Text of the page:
The real revolution came in 1971, with the launch of Tignanello, a barrique-aged wine from the eponymous vineyard that contained Cabernet Sauvignon and Cabernet Franc, which meant that it was ineligible for the Chianti Classico appellation, also from 1975 the blend contained no white grapes. Technically Tignanello was not the first 'Super Tuscan' - that honour goes to Sassicaia, created by a relative of the Antinoris, the Marquis Mario Incisa della Rocchetta - even though the Antinoris were experimenting with Cabernet blends since the 1920s. But it was Tignanello that really shook up the Italian wine industry, leading to far-reaching changes in rules and attitudes. However, even though the Chianti Classico DOCG rules have now been changed to accommodate wines such as Tignanello, the Antinoris continue to sell it as a Toscana IGT wine. Emboldened by the success of the 20% Bordeaux blend Tignanello, in 1978 Antinori launched the 80% Cabernet Solaia, from the neighbouring vineyard.
Antinori responded to the inflation of the 1980s and 1990s with a frantic programme of investment in wineries and vineyards, most notably the Atlas Peak winery in California in 1985, and 325 hectares around Badia a Passignano in 1987. They also expanded into Piedmont, Puglia, and set up joint ventures in Bátaapáti Hungary, Stag's Leap and Col Solare in USA, Malta, Romania and Chile.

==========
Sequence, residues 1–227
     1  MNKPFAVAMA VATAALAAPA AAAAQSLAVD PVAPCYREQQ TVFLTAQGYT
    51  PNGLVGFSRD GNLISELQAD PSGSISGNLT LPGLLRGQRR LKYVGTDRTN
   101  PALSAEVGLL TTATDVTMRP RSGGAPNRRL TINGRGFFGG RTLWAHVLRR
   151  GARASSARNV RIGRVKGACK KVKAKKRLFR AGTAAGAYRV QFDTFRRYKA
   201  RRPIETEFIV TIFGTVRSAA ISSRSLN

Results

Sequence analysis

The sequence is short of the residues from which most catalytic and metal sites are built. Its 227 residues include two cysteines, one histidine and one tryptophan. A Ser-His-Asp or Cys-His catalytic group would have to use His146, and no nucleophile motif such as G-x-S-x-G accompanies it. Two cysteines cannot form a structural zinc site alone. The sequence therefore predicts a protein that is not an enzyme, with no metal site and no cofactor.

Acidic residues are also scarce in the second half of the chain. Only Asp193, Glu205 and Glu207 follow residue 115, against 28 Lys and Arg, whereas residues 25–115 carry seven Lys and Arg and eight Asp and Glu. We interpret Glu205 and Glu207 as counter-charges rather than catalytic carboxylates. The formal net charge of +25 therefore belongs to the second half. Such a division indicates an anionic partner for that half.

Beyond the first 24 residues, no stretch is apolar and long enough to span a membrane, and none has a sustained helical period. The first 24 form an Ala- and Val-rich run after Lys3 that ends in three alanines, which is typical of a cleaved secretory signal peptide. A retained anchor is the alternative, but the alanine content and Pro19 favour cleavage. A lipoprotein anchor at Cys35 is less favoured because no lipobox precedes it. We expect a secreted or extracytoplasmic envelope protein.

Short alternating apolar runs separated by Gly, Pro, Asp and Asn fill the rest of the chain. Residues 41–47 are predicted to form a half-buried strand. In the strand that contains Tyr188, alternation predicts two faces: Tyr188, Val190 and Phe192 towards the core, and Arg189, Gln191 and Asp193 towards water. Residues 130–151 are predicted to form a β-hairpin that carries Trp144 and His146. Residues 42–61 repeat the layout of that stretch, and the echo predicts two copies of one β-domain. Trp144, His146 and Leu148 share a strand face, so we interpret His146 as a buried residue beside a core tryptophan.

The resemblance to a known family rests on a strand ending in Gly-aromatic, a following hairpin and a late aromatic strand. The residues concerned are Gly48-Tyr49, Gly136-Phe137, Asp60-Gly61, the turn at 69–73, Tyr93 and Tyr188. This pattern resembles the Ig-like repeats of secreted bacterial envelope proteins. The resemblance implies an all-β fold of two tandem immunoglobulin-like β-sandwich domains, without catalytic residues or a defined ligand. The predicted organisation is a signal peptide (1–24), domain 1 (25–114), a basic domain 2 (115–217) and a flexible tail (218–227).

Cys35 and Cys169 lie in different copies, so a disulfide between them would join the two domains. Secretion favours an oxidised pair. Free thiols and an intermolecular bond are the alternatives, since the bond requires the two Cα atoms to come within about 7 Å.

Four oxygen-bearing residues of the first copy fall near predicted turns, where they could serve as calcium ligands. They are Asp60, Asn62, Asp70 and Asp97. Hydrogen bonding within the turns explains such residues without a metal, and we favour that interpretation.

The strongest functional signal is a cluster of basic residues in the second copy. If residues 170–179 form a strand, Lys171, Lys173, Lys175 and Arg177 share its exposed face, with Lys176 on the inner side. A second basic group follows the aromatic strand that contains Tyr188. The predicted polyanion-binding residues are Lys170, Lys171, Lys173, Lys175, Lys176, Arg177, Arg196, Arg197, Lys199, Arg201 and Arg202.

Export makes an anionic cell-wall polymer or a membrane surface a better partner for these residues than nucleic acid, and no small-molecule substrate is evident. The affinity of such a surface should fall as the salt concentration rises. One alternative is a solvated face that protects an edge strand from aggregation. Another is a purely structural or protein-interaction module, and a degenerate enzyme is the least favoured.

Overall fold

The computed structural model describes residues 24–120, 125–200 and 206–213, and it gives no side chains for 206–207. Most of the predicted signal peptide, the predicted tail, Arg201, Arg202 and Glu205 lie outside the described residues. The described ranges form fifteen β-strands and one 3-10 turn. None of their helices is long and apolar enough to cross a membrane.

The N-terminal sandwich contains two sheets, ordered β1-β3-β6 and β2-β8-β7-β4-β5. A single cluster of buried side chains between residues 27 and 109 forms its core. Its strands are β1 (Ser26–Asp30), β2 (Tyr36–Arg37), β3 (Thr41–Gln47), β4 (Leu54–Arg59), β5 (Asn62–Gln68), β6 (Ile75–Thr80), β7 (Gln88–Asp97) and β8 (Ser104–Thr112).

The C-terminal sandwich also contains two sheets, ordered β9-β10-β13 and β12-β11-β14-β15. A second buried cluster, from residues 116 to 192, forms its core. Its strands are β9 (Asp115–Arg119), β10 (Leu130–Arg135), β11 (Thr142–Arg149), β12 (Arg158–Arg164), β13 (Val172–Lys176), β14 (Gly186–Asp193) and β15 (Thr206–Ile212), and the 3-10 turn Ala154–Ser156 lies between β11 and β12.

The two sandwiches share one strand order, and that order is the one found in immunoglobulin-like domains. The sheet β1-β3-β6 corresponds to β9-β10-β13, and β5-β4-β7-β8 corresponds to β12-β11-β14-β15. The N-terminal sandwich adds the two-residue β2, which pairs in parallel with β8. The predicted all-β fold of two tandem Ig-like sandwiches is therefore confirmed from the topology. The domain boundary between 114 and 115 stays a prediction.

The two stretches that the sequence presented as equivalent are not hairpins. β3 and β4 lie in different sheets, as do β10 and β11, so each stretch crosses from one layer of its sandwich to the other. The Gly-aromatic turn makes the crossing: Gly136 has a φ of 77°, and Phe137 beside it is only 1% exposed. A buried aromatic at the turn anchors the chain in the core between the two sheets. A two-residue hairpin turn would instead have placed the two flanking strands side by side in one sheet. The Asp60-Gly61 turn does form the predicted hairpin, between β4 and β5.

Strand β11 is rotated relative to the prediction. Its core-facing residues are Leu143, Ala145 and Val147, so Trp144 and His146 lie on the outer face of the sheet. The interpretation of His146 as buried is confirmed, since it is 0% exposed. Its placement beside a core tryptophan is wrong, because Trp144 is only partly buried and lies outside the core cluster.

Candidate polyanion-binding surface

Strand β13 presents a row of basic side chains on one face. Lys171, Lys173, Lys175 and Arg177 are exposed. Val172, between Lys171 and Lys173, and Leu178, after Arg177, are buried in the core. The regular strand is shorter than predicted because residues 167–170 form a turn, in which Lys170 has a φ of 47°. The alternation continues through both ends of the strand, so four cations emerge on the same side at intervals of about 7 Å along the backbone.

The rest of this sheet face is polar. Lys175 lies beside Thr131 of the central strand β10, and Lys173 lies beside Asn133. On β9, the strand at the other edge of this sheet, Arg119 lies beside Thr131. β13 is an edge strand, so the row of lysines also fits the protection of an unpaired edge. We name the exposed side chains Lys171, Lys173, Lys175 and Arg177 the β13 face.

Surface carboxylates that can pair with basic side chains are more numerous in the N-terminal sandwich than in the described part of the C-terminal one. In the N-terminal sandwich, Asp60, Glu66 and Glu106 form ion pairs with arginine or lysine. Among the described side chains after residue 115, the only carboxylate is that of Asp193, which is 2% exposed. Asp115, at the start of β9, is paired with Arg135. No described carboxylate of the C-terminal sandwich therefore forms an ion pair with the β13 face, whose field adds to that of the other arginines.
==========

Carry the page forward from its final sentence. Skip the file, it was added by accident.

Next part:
Antinori also owns and partners in retail outlets such as Cantinetta Antinori and "Procacci" in Via Tornabuoni in Florence, Italy.
The retail presence even extends to the United States, e.g. at the Pebble Beach resort and retail distribution throughout the United States by Ste. Michelle Wine Estates.
The company was covered on the 60 Minutes newsmagazine on October 12, 2008 and on May 3, 2009.
Wine Advocate #191 Oct 2010 Antonio Galloni 97 The 2007 Solaia saturates the palate with a heady array of super-ripe black cherries, plums, cassis, mocha and sweet French oak. There is an exotic quality to the Solaia I find totally irresistible. Despite its considerable ripeness and opulence, the 2007 Solaia is never heavy, rather it impresses for its extraordinary finesse and balance. Minerals, graphite and crushed rocks frame a long, seductive finish. This is a wonderful Solaia loaded with vintage and vineyard character. The 2007 Solaia is 75% Cabernet Sauvignon, 20% Sangiovese and 5% Cabernet Franc, aged in 100% new oak. Anticipated maturity: 2017-2027.